Ride-hailing app Uber is offering free rides to residents of Beirut following the devastating blast on Tuesday, at a time when the popularity of the service in the crisis-stricken country had reportedly been waning.
With volunteers travelling from the outskirts of the capital to help clear the broken glass and debris that still litters the streets, and to assist others in picking through the shattered skeletons of their homes, the free rides offer important support to people with no means of transport.
The free Uber journeys – offered two per person from Thursday to Sunday – have taken people to protests and allowed them to see family members. They come at a time when many around the country are struggling financially, even before the blast, because of the severe economic crisis that has been compounded by a global pandemic.
"Our heart goes out to all that have been impacted by the devastating Beirut explosion. To mark our support, all Uber rides will be free throughout the weekend in order to help people get around the city as needed," an Uber spokesperson told The National.
They will also be offering free trips to blood donation centres and hospitals into next week and will "continue to explore how else we can support rebuilding efforts".
Fadel Abou Nar, 21, a freelance translator from Beirut, said it was a "really important decision" made by Uber.
"Many lost their cars in the explosion and people who really wanted to participate in the revolution in Beirut were questioning how they would get there, even the price of public transport has increased by half," he said via message.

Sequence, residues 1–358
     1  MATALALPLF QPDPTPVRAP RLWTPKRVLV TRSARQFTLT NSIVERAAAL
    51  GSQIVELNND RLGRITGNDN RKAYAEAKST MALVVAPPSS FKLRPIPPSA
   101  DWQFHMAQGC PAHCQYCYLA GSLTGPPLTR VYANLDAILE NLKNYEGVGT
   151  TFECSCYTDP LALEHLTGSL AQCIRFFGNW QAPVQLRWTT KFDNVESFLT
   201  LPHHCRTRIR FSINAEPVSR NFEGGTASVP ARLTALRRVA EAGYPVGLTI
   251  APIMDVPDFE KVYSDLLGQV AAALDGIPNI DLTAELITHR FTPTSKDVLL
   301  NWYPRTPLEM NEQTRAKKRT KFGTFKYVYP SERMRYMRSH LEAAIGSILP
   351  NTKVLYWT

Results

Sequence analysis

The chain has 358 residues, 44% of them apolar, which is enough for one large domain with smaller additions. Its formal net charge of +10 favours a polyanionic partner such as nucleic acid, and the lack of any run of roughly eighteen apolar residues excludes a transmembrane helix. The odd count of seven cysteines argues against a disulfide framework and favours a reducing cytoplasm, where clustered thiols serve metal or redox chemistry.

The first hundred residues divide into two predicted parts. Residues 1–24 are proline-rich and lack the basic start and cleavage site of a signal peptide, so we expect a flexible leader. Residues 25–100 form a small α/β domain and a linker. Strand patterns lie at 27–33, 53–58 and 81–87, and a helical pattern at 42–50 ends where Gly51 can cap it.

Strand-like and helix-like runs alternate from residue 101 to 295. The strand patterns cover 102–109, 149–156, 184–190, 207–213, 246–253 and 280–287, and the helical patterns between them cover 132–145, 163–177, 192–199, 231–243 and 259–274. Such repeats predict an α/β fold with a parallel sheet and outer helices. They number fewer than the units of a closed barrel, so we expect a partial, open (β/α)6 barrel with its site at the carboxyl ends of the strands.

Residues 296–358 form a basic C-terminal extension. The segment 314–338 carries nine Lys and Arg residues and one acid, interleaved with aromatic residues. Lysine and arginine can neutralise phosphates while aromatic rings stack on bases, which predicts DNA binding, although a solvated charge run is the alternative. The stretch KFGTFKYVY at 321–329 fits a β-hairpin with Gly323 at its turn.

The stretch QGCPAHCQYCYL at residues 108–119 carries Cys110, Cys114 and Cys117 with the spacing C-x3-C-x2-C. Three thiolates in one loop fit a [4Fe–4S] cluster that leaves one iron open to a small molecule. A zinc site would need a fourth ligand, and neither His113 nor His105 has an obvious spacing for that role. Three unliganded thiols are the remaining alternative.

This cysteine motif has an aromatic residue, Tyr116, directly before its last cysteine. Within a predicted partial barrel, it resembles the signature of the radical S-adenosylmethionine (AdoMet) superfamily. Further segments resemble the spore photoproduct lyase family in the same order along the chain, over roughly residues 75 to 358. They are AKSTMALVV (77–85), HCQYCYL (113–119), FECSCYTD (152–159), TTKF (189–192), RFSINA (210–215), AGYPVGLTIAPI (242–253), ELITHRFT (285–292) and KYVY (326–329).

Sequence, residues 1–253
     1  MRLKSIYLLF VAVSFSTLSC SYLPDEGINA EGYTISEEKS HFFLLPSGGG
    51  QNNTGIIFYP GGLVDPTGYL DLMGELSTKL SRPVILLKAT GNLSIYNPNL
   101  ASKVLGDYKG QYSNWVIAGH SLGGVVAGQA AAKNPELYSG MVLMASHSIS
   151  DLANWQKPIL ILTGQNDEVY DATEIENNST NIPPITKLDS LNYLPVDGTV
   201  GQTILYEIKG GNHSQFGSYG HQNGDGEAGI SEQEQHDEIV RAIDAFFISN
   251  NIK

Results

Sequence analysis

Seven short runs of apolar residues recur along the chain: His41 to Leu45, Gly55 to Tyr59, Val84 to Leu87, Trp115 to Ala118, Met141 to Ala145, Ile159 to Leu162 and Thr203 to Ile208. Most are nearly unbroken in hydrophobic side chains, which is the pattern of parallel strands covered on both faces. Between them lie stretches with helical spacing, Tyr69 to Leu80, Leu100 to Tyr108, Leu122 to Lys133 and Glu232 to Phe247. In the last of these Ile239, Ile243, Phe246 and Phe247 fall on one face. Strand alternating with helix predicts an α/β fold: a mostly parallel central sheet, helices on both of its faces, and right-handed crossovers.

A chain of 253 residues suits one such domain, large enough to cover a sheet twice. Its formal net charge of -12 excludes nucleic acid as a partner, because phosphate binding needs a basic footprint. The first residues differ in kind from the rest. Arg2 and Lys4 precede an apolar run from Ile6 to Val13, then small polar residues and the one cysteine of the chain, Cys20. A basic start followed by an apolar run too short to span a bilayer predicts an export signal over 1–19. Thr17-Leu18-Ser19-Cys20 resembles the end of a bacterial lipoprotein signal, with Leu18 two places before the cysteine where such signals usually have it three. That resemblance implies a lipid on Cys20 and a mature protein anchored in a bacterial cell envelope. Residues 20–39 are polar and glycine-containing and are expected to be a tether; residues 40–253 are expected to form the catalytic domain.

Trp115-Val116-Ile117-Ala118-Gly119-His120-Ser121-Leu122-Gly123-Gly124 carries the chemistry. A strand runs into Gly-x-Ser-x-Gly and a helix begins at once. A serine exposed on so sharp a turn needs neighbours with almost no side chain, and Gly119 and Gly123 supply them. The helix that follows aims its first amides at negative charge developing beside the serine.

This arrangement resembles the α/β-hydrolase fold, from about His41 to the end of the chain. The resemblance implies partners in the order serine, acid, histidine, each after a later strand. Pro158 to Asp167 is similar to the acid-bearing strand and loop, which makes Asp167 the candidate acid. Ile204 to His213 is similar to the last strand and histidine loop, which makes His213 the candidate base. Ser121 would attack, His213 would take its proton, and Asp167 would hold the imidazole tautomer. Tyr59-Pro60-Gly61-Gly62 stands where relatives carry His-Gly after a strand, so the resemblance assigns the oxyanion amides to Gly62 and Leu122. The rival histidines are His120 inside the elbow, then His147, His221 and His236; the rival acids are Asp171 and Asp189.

"It is important, especially during this economic crisis, as people are looking out for their money and trying to save every penny for food and necessities. This was a really generous gesture ... so protesters can reach Martyrs' Square."
The central Martyrs' Square suffered damage in the blast and was a key site of Saturday's protests, with demonstrators hanging life-size effigies of politicians in makeshift nooses.
Many Beirut residents have criticised the government for a lack of official help with the clean up, and hundreds took to the streets to protests their apparent culpability for the deadly blast, which killed at least 158 and left 300,000 people homeless.
Uber's move, however, comes at a time when it has suffered criticism for its reticence to adapt to Lebanon's worsening economic climate.
As well as reportedly choosing to continue pricing its fares in US dollars rather than the local Lebanese pound, despite a financial crisis with dollars in short supply, locals say that drivers have failed to abide by measures to stop the spread of coronavirus, such as wearing a mask.
The continued use of dollar pricing – dollars were in common usage until recent months – has led to multiple disputes between drivers and customers over preferred exchange rates and the offer of free rides could be seen as an effort to win back customers.
"People can't pay by credit card because of the illegal capital control the banks have instated. Since they use a foreign [point of sale system] to process the payments, you can only use cash, which causes a lot of issues," said Mohammad Hijazi, an international communications consultant from Beirut.
"The drivers do not care about a quality of service or the rules regarding the pandemic. I rode with two drivers who didn't have masks on," he said.
The company has seen rides plummet globally due to coronavirus lockdown measures, and it was forced to write down the value of its investments by $2 billion (Dh7.3bn) earlier this year.
Uber has previously faced criticism for what some termed as "cashing in" on disasters, having failed to suspend surge pricing during a terrorist bombing in New York City in 2016 and during the Sydney hostage siege in 2014. However, in 2018 the rehabilitation of the company’s reputation on safety became part of Uber CEO Dara Khosrowshahi’s overarching mission.